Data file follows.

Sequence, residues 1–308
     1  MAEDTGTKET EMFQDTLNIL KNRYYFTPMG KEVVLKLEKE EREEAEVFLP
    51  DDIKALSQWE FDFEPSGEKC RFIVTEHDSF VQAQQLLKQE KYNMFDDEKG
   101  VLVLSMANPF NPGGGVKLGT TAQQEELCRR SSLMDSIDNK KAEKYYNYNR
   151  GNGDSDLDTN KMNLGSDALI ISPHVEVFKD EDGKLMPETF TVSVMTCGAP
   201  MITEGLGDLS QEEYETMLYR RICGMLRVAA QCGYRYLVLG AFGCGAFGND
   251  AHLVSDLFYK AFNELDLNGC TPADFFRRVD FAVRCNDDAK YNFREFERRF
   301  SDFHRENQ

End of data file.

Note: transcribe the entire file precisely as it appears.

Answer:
Sequence, residues 1–308
     1  MAEDTGTKET EMFQDTLNIL KNRYYFTPMG KEVVLKLEKE EREEAEVFLP
    51  DDIKALSQWE FDFEPSGEKC RFIVTEHDSF VQAQQLLKQE KYNMFDDEKG
   101  VLVLSMANPF NPGGGVKLGT TAQQEELCRR SSLMDSIDNK KAEKYYNYNR
   151  GNGDSDLDTN KMNLGSDALI ISPHVEVFKD EDGKLMPETF TVSVMTCGAP
   201  MITEGLGDLS QEEYETMLYR RICGMLRVAA QCGYRYLVLG AFGCGAFGND
   251  AHLVSDLFYK AFNELDLNGC TPADFFRRVD FAVRCNDDAK YNFREFERRF
   301  SDFHRENQ